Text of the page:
Our 7th most-read article of 2019
(Originally published July 5, 2019)
“Our Army manned the air, it rammed the ramparts, it took over the airports, it did everything it had to do…” — Donald Trump, during his “Salute to America” speech, 7/4/19
It was before the dawn of September 18, 1776. Great Britain and the 13 American colonies were in the thick of the Revolutionary War. The Battles of Lexington and Concord had been fought. The Declaration of Independence had been signed. It’d be another three days before the British Invasion of New York City — which is remembered as The Great Fire of 1776.
But this was a day in history unlike any other.
When the British Army’s ships docked at what is now known as Jamaica Bay — the lagoon on the southern side of Long Island — the Minutemen were ready and waiting.
The militia hid in the long lines at customs and the multitude of Hudson News’ stands, amongst the travelers fumbling to gather their belongings after going through security, as well as the ones asking if this was the terminal with Shake Shack. Corners of America the British had never seen, paths they couldn’t possibly navigate.
When the British marched through Terminal 2 and stopped to ask if they could order from the Delta Sky Club Menu, the Minutemen attacked from the CIBO Express. When they marched through the airport’s largest terminal, T4, our brave army men took them down hidden among the dozens of airlines and thousands of travelers rushing to make their last-minute gate change. When the Redcoats made it through the international gate at Terminal 1, the guerrilla war men surprised them from behind the racks of Saint Laurent clothing and displays of Coach handbags. Luxury goods that the British generals would predictably stop for — King George III would have gone absolutely mad for the Hermes Crocodile Himalayan Birkin bag.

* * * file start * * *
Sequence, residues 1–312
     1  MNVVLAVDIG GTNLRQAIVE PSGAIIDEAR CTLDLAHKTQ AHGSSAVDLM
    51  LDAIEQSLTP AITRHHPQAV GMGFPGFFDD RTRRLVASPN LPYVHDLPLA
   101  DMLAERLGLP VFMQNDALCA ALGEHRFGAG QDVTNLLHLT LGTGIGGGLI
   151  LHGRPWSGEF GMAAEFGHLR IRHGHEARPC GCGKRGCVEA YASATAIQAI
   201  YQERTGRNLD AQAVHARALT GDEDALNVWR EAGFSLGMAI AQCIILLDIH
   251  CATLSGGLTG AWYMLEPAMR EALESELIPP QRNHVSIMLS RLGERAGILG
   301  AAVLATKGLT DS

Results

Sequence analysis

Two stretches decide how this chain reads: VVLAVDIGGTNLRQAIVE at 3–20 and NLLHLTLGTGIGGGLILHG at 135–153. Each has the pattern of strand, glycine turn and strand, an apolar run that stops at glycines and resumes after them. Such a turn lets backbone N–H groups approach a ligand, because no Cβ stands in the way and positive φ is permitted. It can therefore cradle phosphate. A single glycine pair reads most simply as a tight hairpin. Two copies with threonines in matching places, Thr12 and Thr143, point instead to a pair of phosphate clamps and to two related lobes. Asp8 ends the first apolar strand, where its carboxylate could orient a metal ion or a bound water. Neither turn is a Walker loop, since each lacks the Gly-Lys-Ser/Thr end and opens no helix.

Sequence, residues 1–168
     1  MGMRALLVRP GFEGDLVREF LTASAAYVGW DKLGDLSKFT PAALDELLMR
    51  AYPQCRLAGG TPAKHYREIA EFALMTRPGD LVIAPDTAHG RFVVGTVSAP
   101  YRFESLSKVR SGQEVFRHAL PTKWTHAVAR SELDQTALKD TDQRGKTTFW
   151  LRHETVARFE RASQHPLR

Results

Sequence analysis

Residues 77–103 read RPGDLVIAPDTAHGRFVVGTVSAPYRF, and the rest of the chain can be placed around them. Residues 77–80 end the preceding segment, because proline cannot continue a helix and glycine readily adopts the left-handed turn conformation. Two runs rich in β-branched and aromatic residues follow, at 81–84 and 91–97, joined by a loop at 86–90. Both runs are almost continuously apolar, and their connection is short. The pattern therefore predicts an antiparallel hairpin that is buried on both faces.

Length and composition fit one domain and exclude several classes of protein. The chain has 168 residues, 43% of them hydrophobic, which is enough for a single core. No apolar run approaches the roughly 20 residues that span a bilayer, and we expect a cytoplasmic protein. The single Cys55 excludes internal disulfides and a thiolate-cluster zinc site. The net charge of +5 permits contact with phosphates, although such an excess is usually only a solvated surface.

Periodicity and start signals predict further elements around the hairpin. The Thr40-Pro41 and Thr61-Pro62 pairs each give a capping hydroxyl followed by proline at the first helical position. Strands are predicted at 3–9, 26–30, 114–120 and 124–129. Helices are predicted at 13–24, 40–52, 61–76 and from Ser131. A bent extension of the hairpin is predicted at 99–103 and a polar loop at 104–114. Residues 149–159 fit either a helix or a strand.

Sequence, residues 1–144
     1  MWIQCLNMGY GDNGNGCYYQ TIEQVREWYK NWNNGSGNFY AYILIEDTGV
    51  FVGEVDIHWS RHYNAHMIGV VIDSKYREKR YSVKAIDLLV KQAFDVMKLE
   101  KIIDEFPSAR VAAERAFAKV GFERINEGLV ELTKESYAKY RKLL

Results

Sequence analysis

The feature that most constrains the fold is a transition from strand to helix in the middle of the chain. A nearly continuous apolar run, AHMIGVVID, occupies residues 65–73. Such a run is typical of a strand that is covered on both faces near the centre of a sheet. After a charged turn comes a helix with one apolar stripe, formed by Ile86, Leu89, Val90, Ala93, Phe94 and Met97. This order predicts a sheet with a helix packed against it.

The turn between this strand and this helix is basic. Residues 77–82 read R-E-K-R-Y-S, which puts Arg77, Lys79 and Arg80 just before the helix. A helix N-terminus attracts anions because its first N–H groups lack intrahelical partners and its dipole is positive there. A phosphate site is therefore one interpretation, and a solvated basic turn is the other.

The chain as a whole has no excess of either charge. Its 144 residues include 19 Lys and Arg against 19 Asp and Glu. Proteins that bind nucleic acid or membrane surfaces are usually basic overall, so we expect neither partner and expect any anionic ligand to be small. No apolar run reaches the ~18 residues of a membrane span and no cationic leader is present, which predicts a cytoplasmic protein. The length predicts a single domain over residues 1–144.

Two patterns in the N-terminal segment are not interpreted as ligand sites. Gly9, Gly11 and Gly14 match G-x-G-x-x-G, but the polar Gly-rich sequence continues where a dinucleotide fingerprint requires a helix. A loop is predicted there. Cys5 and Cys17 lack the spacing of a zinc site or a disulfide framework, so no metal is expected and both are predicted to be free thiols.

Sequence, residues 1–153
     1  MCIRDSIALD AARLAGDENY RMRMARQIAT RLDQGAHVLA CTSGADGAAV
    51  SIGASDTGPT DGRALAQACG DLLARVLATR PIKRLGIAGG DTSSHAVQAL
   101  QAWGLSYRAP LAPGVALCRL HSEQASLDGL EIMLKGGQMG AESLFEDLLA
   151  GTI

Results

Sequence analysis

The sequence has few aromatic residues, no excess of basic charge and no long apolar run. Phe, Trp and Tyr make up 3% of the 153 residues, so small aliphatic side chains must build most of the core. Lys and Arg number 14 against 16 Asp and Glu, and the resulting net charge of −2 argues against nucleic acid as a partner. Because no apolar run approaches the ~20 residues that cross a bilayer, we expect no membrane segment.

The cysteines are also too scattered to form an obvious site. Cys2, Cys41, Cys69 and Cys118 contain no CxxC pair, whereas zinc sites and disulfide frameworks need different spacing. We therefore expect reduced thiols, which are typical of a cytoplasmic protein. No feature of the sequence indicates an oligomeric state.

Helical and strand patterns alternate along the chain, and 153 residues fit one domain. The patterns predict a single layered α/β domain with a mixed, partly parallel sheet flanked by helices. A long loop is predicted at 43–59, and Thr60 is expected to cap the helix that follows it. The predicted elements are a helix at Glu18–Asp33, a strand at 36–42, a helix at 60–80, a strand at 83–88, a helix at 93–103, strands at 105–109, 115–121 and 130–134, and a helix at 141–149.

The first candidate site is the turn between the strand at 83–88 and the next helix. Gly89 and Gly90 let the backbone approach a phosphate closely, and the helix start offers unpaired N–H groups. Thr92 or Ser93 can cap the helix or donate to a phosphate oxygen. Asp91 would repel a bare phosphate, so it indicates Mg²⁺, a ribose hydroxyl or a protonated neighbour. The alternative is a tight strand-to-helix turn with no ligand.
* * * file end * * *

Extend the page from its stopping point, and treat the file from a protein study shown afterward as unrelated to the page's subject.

Terminal by terminal, the British Army was turned back and vanquished by our civilian colonists. Their fallen soldiers forever lost to the stampeding herd of flyers rushing to their gates or the closest option their gate had for alcohol.
It was our brave soldiers of the Great American Colonies from the ’70s that bravely protected JFK at its most vulnerable hour in order to ensure that it would remain exactly as it was. Free from running on time. Free from becoming an efficient hub of international travel. Free from having a Shake Shack in every terminal.
This is why, to this day, we remember The Battle at John F. Kennedy International Airport by making sure the British Airways terminal permanently remains under construction.
Because America will never be under construction from the British, ever again. God Bless the JFK Airport.
Read an interview with Lauren Tousignant about writing this piece over on our Patreon page.